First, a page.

Zillow is the new dot bomb heading into 2007; shame as it had a chance to carve out a little segment of the business to survive in but this Frink guy doesn’t understand the business.

  12. Zillows Zestimate is very inaccurate and really a waste of time. If you are the type that is looking for an accurate tool, as good as you can get without a REALTOR, then the Market Insight valuation tool is the ultimate. It is based on up to date MLS data and has virtually wiped out Zestimates. Why waste your time with an inaccurate tool?

    As for the rest of the site it has now turned into a for sale by owner website which is unfortunate as these sites pop up and disappear constantly. Now that the Zestimate is known to be such a poor tool Zillow has nothing left of value to offer unless you are into gimicky features.

    Zillow is the new dot bomb heading into 2007; shame as it had a chance to carve out a little segment of the business to survive in but this Frink guy doesn’t understand the business.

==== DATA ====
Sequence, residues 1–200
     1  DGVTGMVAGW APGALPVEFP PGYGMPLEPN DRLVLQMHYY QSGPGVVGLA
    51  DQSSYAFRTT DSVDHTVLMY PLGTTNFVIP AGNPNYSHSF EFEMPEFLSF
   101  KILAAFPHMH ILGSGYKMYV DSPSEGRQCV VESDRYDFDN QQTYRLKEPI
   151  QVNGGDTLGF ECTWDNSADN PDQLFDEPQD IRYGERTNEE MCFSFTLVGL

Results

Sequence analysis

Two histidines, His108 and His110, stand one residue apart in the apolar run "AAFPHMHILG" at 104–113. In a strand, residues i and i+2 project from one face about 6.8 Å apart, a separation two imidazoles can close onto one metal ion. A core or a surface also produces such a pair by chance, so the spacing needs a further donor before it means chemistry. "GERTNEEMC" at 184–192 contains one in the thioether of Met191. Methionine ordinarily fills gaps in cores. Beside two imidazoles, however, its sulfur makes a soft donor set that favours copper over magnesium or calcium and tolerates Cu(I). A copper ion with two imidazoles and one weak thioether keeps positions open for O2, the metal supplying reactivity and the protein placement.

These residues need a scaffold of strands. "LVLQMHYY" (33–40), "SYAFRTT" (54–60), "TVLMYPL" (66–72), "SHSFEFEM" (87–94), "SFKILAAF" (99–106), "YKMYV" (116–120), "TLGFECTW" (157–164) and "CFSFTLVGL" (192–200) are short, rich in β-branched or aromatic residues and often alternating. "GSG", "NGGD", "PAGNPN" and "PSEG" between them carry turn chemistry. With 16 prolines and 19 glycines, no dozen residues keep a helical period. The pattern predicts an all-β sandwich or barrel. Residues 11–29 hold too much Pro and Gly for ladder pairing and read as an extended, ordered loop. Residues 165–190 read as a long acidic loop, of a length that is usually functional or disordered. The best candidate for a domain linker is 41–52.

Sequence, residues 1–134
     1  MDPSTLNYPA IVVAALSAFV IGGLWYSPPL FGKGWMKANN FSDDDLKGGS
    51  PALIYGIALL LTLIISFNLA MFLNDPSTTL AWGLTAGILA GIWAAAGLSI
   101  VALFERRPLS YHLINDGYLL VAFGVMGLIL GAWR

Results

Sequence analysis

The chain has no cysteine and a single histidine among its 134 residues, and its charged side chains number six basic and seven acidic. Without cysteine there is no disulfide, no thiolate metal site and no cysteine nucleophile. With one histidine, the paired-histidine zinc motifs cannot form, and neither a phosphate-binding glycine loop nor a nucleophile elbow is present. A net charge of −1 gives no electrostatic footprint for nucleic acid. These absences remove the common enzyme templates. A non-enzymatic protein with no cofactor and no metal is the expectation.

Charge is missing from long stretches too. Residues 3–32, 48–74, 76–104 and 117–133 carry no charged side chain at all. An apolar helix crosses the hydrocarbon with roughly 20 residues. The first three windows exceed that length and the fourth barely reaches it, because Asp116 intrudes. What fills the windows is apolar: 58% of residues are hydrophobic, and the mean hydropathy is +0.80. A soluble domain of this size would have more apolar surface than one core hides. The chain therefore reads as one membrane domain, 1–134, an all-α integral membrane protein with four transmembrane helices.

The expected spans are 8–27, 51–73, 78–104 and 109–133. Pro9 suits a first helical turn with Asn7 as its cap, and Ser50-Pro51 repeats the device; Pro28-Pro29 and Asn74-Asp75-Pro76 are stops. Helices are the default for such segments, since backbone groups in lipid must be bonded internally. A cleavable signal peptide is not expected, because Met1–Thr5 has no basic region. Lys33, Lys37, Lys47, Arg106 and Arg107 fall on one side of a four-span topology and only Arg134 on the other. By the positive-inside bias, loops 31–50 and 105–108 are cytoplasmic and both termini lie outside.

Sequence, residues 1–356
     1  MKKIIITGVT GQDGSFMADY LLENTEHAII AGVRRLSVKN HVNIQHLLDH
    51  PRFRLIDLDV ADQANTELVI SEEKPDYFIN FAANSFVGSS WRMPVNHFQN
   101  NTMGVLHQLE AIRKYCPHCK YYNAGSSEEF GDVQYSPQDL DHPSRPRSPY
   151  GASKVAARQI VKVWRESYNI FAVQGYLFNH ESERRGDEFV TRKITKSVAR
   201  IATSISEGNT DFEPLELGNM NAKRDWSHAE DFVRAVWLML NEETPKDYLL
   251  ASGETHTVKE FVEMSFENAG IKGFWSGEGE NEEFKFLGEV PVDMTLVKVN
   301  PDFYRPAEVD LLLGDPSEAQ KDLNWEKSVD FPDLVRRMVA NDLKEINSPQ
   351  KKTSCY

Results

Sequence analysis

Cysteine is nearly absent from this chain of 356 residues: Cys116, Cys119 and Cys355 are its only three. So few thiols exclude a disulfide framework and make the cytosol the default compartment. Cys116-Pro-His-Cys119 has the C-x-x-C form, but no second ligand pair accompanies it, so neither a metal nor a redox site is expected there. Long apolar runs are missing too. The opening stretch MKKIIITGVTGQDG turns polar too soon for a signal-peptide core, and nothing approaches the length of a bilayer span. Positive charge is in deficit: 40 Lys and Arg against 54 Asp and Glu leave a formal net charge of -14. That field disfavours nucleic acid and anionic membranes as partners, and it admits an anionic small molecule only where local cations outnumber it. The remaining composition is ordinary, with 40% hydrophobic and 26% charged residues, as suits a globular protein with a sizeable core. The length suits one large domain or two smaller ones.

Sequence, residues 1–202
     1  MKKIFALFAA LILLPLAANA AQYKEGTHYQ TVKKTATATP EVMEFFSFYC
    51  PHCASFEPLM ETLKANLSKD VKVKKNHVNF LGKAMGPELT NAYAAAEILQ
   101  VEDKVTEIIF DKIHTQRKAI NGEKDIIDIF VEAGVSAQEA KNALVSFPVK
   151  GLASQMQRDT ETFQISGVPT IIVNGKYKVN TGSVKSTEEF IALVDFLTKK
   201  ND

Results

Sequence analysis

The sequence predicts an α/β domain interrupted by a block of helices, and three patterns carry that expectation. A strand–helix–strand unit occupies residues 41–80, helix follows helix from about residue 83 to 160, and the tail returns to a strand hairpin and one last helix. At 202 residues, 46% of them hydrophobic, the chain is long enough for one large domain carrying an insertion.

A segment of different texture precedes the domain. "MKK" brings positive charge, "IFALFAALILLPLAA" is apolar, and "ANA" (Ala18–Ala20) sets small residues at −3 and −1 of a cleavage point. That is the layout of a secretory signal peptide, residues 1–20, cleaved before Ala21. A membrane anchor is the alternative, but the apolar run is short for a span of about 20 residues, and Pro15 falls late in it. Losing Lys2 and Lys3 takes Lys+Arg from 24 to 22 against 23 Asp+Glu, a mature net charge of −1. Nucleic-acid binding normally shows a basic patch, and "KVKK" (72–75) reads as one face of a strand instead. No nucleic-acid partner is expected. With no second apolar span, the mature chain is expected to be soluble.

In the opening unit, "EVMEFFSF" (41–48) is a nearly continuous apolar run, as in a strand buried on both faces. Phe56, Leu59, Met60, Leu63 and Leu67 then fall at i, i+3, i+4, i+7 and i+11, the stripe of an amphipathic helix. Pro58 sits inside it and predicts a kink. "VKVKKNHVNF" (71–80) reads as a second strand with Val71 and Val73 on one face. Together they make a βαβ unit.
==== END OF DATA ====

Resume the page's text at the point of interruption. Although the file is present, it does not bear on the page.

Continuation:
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  15. But, the lesson here is that Zillow’s prices are a guideline…

    To me, it seems the lesson is that it’s who you know, not what you know. Human relationships (between you and your agent, you and your network) are what drive everything. That’s why social software is such a big deal (though we’ve barely scratched the surface) and why it’s so maddening when you look up office furniture and get stores. The web is still just a big, dumb library full of “books.” What it needs to become is a big, smart library full of books that understand their relationships to each other and to the people that use them.

  16. But, the lesson here is that Zillow’s prices are a guideline…

    To me, it seems the lesson is that it’s who you know, not what you know. Human relationships (between you and your agent, you and your network) are what drive everything. That’s why social software is such a big deal (though we’ve barely scratched the surface) and why it’s so maddening when you look up office furniture and get stores. The web is still just a big, dumb library full of “books.” What it needs to become is a big, smart library full of books that understand their relationships to each other and to the people that use them.